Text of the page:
MENDOCINO Co., 11/2/21 — The California Department of Toxic Substances Control (DTSC) began Phase 1 of their cleanup operation today at the site of September’s 257-acre Hopkins Fire, where a cluster of homes burned on the banks of the Russian River near Lake Mendocino in Calpella. This part of the project involves removing household materials like batteries and propane cylinders that are essentially hazardous materials once the fire goes out.
“Phase 1 includes safely identifying and removing household hazardous waste (HHW) and bulk asbestos from damaged properties that could pose a risk to people, animals, and the environment,” DTSC spokesperson Barbara Zu said by email this morning.
According to a digital dashboard the state agency set up to track their progress in real time, there are 34 parcels to assess and as of 10 a.m., 13 of those assessments were complete. They appear to have begun with several parcels on Lake Ridge Drive south of Marina Drive.
Travis Killmer with the county’s Prevention, Recovery, Resilience and Mitigation Division provided additional details about the process ahead: “First, they remove contaminated ash from things like household chemicals, batteries, paint, oils, etc. They also devalve and take away small propane tanks, larger ones they leave because they can’t determine if they were leased from a distributor or not and the distributor should be responsible for any big leased tanks. Second, they mark off any hazards they see that a ‘Phase 2’ crew will encounter when doing a full debris cleanup at a later date. DTSC will also remove asbestos if it’s a small amount during Phase 1. If there’s a ton of asbestos ash and debris, they mark it so Phase 2 crews know it needs to be handled properly.”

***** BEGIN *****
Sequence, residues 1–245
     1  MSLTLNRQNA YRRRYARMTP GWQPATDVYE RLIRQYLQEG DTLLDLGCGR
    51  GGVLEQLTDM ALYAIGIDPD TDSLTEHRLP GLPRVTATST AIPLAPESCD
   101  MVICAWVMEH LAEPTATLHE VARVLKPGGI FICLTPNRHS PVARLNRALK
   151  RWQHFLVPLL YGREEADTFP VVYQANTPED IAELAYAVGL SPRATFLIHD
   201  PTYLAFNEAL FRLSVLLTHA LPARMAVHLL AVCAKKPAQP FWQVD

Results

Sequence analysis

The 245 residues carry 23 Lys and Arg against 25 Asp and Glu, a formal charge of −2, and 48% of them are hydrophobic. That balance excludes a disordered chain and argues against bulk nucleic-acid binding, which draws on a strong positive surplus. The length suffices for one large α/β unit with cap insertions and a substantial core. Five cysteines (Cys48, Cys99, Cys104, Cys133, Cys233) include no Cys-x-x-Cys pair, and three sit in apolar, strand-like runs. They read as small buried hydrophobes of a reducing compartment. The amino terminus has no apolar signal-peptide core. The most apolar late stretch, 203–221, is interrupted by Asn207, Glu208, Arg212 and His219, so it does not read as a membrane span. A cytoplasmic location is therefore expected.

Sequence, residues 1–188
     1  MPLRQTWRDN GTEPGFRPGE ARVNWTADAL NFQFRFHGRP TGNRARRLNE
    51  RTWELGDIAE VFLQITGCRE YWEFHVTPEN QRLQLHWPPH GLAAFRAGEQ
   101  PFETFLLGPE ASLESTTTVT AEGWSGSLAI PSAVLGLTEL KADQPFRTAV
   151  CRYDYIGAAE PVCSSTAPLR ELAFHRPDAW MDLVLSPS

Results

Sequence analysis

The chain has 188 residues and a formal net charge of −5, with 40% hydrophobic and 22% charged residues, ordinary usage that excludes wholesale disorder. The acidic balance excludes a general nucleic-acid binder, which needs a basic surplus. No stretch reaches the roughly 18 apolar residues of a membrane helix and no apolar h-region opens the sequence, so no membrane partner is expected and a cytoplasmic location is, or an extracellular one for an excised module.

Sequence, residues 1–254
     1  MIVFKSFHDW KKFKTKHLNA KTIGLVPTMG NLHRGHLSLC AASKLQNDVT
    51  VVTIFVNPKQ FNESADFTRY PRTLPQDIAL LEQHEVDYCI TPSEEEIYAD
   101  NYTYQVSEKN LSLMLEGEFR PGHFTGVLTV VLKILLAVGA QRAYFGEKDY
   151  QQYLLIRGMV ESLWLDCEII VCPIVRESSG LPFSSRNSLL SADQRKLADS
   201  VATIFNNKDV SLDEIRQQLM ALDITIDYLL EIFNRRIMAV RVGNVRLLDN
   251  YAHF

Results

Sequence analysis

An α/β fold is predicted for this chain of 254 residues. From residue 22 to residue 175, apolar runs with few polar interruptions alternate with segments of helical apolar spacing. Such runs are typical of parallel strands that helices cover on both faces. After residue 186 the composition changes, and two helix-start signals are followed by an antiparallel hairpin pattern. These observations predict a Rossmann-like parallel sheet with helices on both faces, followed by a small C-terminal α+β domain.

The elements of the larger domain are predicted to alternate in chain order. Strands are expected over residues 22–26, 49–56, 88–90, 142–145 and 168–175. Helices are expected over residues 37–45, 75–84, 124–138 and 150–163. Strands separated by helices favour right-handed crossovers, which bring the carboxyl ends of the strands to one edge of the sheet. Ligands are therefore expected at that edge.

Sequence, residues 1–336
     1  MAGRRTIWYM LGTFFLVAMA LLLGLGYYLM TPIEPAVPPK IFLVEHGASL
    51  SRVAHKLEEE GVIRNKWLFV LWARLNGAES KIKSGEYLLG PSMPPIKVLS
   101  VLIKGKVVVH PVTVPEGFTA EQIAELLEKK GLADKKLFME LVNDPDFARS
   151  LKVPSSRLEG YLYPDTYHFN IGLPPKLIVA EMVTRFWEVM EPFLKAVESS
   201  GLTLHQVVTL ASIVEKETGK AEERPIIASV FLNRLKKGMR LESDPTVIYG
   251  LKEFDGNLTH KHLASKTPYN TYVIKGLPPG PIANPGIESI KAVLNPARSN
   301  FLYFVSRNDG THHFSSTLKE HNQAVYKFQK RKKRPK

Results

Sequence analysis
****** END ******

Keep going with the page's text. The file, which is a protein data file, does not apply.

Late last month with the first major rainstorm of the year bearing down on the North Coast, Killmer spearheaded an emergency effort to get some damage control measures in place before the rain pushed all that ash and toxic debris into the river. The county was waiting for the state to make an emergency declaration, but it became clear that the storm would get here before that process was complete, so Killmer reached out to the Ukiah office of the California Conservation Corps and got a plan in place to install silt socks and straw wattles along the river bank in a little under 48 hours. The following day Gov. Gavin Newsom issued an emergency proclamation that got the ball rolling on this current round of assistance from the state, which includes hazmat and asbestos specialists.